Buying food from refuges is not always an option and they usually sell junk food, so we ended up carrying enough energy bars (made of fruits and nuts) for all of the days. The weight can be significant when you set out (1-2 kg), but as the days go by, your pack gets progressively lighter.

Avoid very salty, spicy or sweet food (you will consume more water), chocolate (it will melt) and airtight-sealed foods like strudels and croissants (they expand and consume valuable space due to the lower atmospheric pressure).

As for water, we carried around 2.5-3 liters per person for 6-8 hours of hiking and found it to be just right. But it really depends on the individual and the heat, so you have to figure out the right amount for you before setting out.

If you want to carry less, one option is to buy water bottles as you pass from refuges during the trek. Make sure you carry any empty plastic bottles with you and recycle them at the end of your trip.

What to carry

Please note that the following lists are non-exhaustive and you should bring everything else you deem necessary.


Equipment and stuff

Alta Via 1 lapel pin (or “badge”)

Bring with you a piece of A4 paper (making sure it stays dry) and stamp it (“timbro” in Italian) in the refuges you pass and/or stay at. At the conclusion of your trek, you can present it at the Belluno tourist office to get your free Alta Via 1 lapel pin!

The hard-earned lapel pin of Alta Via 1 in Belluno
The hard-earned lapel pin of Alta Via 1 in Belluno


Getting to the trailhead

Assuming you fly to Venice:

Venice Airport to Cortina d'Ampezzo

From the Venice Airport take the Cortina Express bus to Cortina d'Ampezzo. The trip takes a little over 2 hours.

The bus stop is across the Tamoil oil station (July 2019). Make sure you are on time because the bus makes a short stop and there are no signs to let you know you’re waiting in the right place!

We booked tickets online one month ahead and it cost us €18 per person. It’s possible to change your booking online for a €5 fee per person.

Cortina d'Ampezzo to Dobbiaco (Toblach)

The Cortina Express bus drops you at the bus station in Cortina. From there, take the SAD bus line 445 to Dobbiaco. Tickets are issued onboard and cost €5 per person (July 2019). The trip takes about 50 minutes and has great views (even to the Tre Cime di Lavaredo for some brief moments). To be near the trailhead, we slept in a hotel in Dobbiaco.

Dobbiaco to Lago di Braies (Pragser Wildsee)

Take the SAD bus line 442 to Lago di Braies. Tickets are issued onboard and cost €5 per person (July 2019). Since the bus is usually packed, you’ll probably want to go to the bus station if you want to have a chance of finding a seat. The trip takes about 30 minutes.


La Pissa to Belluno

The trek traditionally ends at the La Pissa bus stop outside of Belluno.

To avoid an incoming storm on the last day, we had to head in the opposite direction to Forno di Zoldo. Thus, we never had the chance to take the bus and, sadly, I have no information to share.

You can read more in the trip report.

Belluno to Venice

From the train station we took the Trenitalia train line 5640 to Treviso Centrale and then line 11027 to Venice and Stazione di Venezia Santa Lucia for some brief tourism. The trip takes a little over 2 hours.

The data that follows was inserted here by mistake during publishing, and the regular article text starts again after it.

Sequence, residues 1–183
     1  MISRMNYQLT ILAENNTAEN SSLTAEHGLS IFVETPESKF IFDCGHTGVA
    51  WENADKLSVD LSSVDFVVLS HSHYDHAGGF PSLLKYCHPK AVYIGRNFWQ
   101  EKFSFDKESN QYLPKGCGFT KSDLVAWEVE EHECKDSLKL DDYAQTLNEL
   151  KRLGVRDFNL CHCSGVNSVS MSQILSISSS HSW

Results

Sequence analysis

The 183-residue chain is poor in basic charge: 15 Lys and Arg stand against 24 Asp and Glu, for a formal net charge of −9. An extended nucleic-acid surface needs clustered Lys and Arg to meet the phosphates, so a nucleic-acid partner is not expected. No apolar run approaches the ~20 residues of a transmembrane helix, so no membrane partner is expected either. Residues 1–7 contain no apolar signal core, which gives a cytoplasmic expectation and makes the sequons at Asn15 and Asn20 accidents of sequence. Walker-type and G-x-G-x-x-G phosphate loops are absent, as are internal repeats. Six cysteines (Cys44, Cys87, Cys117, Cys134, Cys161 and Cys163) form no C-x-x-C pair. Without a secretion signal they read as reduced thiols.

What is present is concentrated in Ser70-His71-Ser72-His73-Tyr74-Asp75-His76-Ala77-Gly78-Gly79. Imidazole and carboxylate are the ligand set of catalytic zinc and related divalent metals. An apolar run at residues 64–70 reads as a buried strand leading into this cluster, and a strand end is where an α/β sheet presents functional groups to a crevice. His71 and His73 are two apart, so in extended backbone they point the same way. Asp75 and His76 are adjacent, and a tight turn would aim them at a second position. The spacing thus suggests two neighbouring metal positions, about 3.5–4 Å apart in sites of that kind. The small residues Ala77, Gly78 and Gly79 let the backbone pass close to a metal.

We booked tickets online a few weeks ahead and it cost us €8.55 per person (July 2019). It’s possible to change your booking via the Trenitalia smartphone app (Android, iPhone) for free.

Venice to Venice Airport

From Venice and Piazzale Roma we took the bus line 5 to the airport. Beware that the bus is usually packed and it’s not easy to find a seat. Tickes are issued in nearby booths and cost €8 per person (July 2019). The trip takes about 30 minutes.

Accomodation in refuges

We hiked for 6 days and slept 2 nights in hotels (arrival, departure) and 5 nights in refuges. Since Alta Via 1 is a very popular destination, it’s wise to book as early as possible i.e. January or February (the latest).

Breakfast in refuges is usually served at 7:00 and dinner at 19:00. Lights go out at 22:00 and we woke at 6:00. We were on the trailhead at 8:00.

A detailed review of all the refuges we stayed at follows:

Day 1: Rifugio Lavarella (2042 m)

Rifugio Lavarella
Rifugio Lavarella
Crossing one of the streams after leaving Rifugio Lavarella
Crossing one of the streams after leaving Rifugio Lavarella

Day 2: Rifugio Angelo Dibona (2037 m)

Croda da Lago and Lastoi de Formin from Rifugio Dibona
Croda da Lago and Lastoi de Formin from Rifugio Dibona

Day 3: Rifugio Città di Fiume (1918 m)

Rifugio Città di Fiume
Rifugio Città di Fiume
Mount Pelmo from the rifugio
Mount Pelmo from the rifugio
Mount Coldai from the rifugio
Mount Coldai from the rifugio

Day 4: Rifugio Mario Vazzoler (1714 m)

Rifugio Mario Vazzoler
Rifugio Mario Vazzoler
The view from the rifugio
The view from the rifugio
The view from the rifugio
The view from the rifugio

Day 5: Rifugio Sommariva al Pramperet (1857 m)

Trip report

Breakdown into days

For the TMB we followed the breakdown of the tour into stages (with one stage per day) as suggested in the relevant Cicerone guide. As a result, we found ourselves arriving early (as early as 12:00!) in our destination, which was usually in the middle of nowhere, without anything to do.

So for Alta Via 1, we decided to make some adjustments. We decided to have day hikes of about 20 kilometers with a maximum duration of 8 hours. This usually amounted to daily climbs of 1300-1500 meters. As our time was limited, we had to abandon the idea of climbing any nearby peaks suggested in the guide.

We, thus, came up with the following itinerary:

Day 1: Lago di Braies - Rifugio Biella - Rifugio Sennes - Rifugio Fodara Vedla - Rifugio Pederü - Rifugio Muntagnoles - Rifugio Lavarella

Guide stages: 1 and 2

Paths: 1, 6-23, 6A, 6A-24-27, 7, 7A, 7

Setting out from the idyllic and touristy alpine lake of Lago di Braies, we make half a circle around the lake through beatiful woods. Either direction works: The guide goes to the right (counterclockwise), we went left (clockwise), passing below Grande and Piccolo Apostolo, yet enjoying mind-blowing views of Croda del Beco mirrored on the lake surface.